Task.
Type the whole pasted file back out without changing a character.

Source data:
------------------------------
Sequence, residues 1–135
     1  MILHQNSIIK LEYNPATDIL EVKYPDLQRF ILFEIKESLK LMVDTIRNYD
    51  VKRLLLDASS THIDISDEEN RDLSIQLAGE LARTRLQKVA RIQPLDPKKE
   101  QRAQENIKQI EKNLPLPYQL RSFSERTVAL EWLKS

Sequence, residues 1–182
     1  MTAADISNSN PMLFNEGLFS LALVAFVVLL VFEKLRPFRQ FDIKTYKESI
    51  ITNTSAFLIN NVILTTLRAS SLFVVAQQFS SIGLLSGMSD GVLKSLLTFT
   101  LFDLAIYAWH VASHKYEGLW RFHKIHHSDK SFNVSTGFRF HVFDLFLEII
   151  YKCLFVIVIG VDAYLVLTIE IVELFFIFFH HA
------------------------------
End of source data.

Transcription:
Sequence, residues 1–135
     1  MILHQNSIIK LEYNPATDIL EVKYPDLQRF ILFEIKESLK LMVDTIRNYD
    51  VKRLLLDASS THIDISDEEN RDLSIQLAGE LARTRLQKVA RIQPLDPKKE
   101  QRAQENIKQI EKNLPLPYQL RSFSERTVAL EWLKS

Sequence, residues 1–182
     1  MTAADISNSN PMLFNEGLFS LALVAFVVLL VFEKLRPFRQ FDIKTYKESI
    51  ITNTSAFLIN NVILTTLRAS SLFVVAQQFS SIGLLSGMSD GVLKSLLTFT
   101  LFDLAIYAWH VASHKYEGLW RFHKIHHSDK SFNVSTGFRF HVFDLFLEII
   151  YKCLFVIVIG VDAYLVLTIE IVELFFIFFH HA